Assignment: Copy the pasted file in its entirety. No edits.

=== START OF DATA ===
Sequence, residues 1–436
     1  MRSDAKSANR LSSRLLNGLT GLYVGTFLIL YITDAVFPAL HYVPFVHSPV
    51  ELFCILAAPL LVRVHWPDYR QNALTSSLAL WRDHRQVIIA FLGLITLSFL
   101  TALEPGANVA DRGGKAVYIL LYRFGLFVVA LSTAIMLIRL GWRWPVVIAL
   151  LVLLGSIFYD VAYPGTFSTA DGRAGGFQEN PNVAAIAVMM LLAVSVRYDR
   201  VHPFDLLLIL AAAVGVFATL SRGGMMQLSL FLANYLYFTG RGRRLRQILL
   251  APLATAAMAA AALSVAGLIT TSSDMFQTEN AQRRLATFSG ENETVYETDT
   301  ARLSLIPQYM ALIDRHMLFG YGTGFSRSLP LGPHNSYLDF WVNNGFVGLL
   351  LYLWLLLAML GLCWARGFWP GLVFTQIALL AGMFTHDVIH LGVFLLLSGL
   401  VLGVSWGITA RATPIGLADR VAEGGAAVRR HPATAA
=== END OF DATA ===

Sequence, residues 1–436
     1  MRSDAKSANR LSSRLLNGLT GLYVGTFLIL YITDAVFPAL HYVPFVHSPV
    51  ELFCILAAPL LVRVHWPDYR QNALTSSLAL WRDHRQVIIA FLGLITLSFL
   101  TALEPGANVA DRGGKAVYIL LYRFGLFVVA LSTAIMLIRL GWRWPVVIAL
   151  LVLLGSIFYD VAYPGTFSTA DGRAGGFQEN PNVAAIAVMM LLAVSVRYDR
   201  VHPFDLLLIL AAAVGVFATL SRGGMMQLSL FLANYLYFTG RGRRLRQILL
   251  APLATAAMAA AALSVAGLIT TSSDMFQTEN AQRRLATFSG ENETVYETDT
   301  ARLSLIPQYM ALIDRHMLFG YGTGFSRSLP LGPHNSYLDF WVNNGFVGLL
   351  LYLWLLLAML GLCWARGFWP GLVFTQIALL AGMFTHDVIH LGVFLLLSGL
   401  VLGVSWGITA RATPIGLADR VAEGGAAVRR HPATAA